Despite a 65-0 rout of Tulsa, Oklahoma lost ground in the Associated Press football rankings, although the Sooners remained No. 1 for the fifth week in a row. Oklahoma received 44 of 60 first-place votes and 1,181 of a possible 1,200 points from a nationwide panel of sportswriters and sportscasters.

Twelve first-place votes and 1,136 points went to Nebraska, which has been No. 2 every week this season. The Cornhuskers defeated Arizona State Saturday, 35-28.

Last week, Oklahoma led Nebraska, 53-7, in first-place votes and by 1,193 points to 1,129 . . .

University of Tennessee officials have denied Sport magazine's charge that football coach Johnny Majors and Athletic Director Doug Dickey plotted to cover up improper sales of complimentary game tickets.

"Any insinuation that we were hiding anything or trying to cover anything is entirely untrue," Dickey said at a news conference.

An article in Sport's November issue quotes former Tennessee athletes who said they regularly sold complimentary game passes with the assistance of boosters and university coaches. The magazine says more than a dozen former Tennessee players admitted receiving "as much as $2,000 annually through a system of ticket sales."

The article also says the school's six-month internal investigation last year of alleged wrongdoing in the athletic department was "itself improper and many of its conclusions false."

University President Edward Boling and Chancellor Jack Reese said in a joint statement, "The suggestion made by Sport magazine that the University of Tennessee Investigating Committee either attempted or did, in fact, cover up any wrongdoing in its athletics program is categorically denied" . . .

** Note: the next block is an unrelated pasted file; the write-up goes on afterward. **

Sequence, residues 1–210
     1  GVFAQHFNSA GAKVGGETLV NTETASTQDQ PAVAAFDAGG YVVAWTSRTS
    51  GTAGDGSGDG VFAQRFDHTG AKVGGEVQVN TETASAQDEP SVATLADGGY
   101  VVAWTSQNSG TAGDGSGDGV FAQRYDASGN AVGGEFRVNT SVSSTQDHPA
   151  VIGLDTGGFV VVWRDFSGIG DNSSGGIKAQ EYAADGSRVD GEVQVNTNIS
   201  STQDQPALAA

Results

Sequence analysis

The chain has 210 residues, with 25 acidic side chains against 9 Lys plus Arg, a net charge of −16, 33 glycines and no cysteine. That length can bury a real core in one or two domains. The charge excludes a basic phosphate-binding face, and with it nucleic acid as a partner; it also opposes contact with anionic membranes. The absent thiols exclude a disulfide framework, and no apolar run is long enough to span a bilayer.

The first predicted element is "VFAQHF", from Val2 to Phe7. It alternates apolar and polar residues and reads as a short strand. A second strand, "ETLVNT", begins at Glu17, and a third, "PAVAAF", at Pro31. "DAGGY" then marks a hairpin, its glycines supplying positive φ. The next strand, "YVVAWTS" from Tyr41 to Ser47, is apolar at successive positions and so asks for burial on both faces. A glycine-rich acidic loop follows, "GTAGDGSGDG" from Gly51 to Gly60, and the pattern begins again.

Raymond M. Burse, the president of Kentucky State, has been named chairman of a special NCAA subcommittee that will review minority opportunities in intercollegiate athletics. Burse was named to chair the subcommittee appointed last week by the NCAA administrative committee in response to a recommendation by the NCAA Committee on Review and Planning.

The subcommittee will address the issue of opportunities for ethnic minorities -- particularly blacks -- in college athletics. It will pay particular attention to coaching and administration . . .

Michigan football coach Bo Schembechler was hospitalized early yesterday with a kidney stone problem and offensive coordinator Gary Moeller took over his duties, officials said. Schembechler, 58, was taken to an undisclosed Ann Arbor hospital at about 3:30 a.m., said Bruce Madej, sports information director at the school.

If Schembechler misses Saturday's home game against Wisconsin, it would mark only the second time he's missed a game since 1969, his first season as coach of the Wolverines. He suffered a heart attack at the end of that season that forced him to miss the 1970 Rose Bowl against Southern California . . .

The NCAA Committee on Infractions will consider allegations of improprieties in Virginia Tech's basketball and football programs during a meeting this weekend at NCAA headquarters in Mission, Kan., Tech officials said.